One of the eleven examples of antisemitism in the IHRA is this: “Denying the Jewish people their right to self-determination, e.g., by claiming that the existence of a state of Israel is a racist endeavour.”
With the IHRA adoption by Labour, some on the Labour left, has asserted their “right” to call Israel a “racist endeavour”.
Shortly after the Labour NEC vote a posters carrying the slogan “Israel is a racist endeavour” popped up around London.
I agree that we should be cautious about where such a statement *can* lead and often *does* lead, especially given the prevalence of conspiratorial antisemitism on the left. Uses of this slogan are often dumb and underpinned by an unthinking antisemitism which seems quite pervasive. But given the wider context (e.g. a factional battle in the Labour party) there's also a lot more to it than that. In terms of the statement "Israel is a racist endeavour", there are bad arguments in its favour, and good arguments in its favour, but these are flattened out in the IHRA example (and in this article), which effectively renders all foundational critiques of the Israeli state -- including those proposed by anti-Zionist Jews, anarchists and No Borders activists etc. -- as antisemitic, even when those critiques are applied equally (as they *sometimes* are on the left) against other colonial settler states like Australia, the US, Canada etc. And of course this is grist to the mill for those self-avowed liberals who understand racism only as an individual attitudinal defect confined to political extremists on the left and the right.
Personally I would argue that the migration of Jews to Palestine, and their aspiration for some form of national state in that territory, were legitimate and understandable in light of the Holocaust and other persecutions (i.e. what Deutscher referred to as a "raft state"); but at the same time, regretfully, a European-style "Orientalist" racism was hardwired into the Zionist enterprise from an early stage, one which has been institutionalized into the Israeli state and remains almost entirely in tact today. So is Israel a racist enterprise? Yes and no: it was, in key respects, a response to one form of racism and an expression of another. Is it any more of a racist enterprise than other European colonial settler states? No, but its racist structures were established more recently, and therefore remain in tact to a far greater (and more visible) degree, than other European colonialist endeavours; hence some (but by no means all) of the opprobrium which it attracts today.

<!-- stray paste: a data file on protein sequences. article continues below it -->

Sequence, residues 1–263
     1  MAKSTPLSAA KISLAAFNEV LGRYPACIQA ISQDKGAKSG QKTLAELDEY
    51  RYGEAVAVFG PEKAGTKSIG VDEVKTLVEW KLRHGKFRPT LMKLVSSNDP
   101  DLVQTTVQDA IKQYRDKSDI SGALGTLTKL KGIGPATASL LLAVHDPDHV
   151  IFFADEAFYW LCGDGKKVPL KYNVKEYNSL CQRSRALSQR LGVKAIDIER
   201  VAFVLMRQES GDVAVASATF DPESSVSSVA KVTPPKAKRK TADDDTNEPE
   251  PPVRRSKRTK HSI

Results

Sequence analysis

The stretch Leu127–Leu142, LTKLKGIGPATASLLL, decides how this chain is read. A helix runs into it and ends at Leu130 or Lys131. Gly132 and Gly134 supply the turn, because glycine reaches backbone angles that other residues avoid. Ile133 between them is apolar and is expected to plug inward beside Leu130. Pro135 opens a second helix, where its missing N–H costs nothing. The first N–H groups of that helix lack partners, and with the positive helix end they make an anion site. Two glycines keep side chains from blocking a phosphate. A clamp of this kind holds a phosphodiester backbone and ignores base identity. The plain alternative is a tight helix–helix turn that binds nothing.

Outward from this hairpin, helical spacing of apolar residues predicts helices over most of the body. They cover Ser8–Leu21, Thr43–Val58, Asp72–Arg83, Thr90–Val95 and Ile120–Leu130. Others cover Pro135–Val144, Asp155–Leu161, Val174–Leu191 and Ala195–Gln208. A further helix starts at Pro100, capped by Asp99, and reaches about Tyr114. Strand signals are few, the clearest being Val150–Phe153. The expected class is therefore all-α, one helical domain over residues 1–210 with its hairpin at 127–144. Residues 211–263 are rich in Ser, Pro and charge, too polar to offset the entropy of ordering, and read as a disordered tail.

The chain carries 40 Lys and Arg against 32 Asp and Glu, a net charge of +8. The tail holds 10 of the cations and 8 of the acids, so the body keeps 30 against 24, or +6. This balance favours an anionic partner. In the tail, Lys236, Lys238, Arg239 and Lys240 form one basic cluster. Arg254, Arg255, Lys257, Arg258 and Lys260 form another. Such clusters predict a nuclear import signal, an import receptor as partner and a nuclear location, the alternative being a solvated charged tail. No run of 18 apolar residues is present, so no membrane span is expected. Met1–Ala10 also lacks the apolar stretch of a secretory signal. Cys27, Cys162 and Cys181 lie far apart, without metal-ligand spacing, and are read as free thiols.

There is an unacknowledged lion in your path here; there is never going to be a two state solution; there will either be an Israeli ethnostate, purged of its Palestinian minority during some future war, or a democratic secular state of Israel/Palestine with equal rights for all. Socialists must opt for the latter. The only people, with the exception of yourselves and the Palestinian Authority, who claim to advocate a two-state solution are fraudsters like Hillary Clinton. Israel is a racist state in the same sense as Australia, New Zealand, Canada, and the US; colonial-settler states in which the indigenes have suffered dispossession. In these cases, as in Israel, we cannot undo all past historical crimes but it is in our power to fight for the maximum possible restorative justice. As, for instance, today's Australians are Australians and not British settlers, it would be absurd and also impossible to advocate "returning" them to a homeland which is no longer theirs, neither should we demand the same of Israelis; but Australian aborigines and Palestinians are entitled to full and effective citizenship rights regardless of colour or religion. I can see little in the "anti-semitism" furore currently ongoing in the UK than a psywar op conducted by Blairite revanchists, the Israeli embassy, and the gutter media, in this instance including the Guardian.All of them the sort of people you would be well advised to steer clear of.
I think the article dodges one of the central problems, which is that the raison d'être of Israel is to privilege a particular ethnic group - Jews - over all other ethnic groups. In other words your status in Israel is defined by your ethnicity, such that if you are a Jew, you are constitutionally privileged. So when you talk about two states, will one of them, Israel, continue for example to operate the Law of Return as a law reserved exclusively for Jews? And if all ethnic groups in both Israel and Palestine were granted identical rights (inc. a Law of Return applied to all), would this not imply that there is no need for two separate states, given that until only recently there was just one?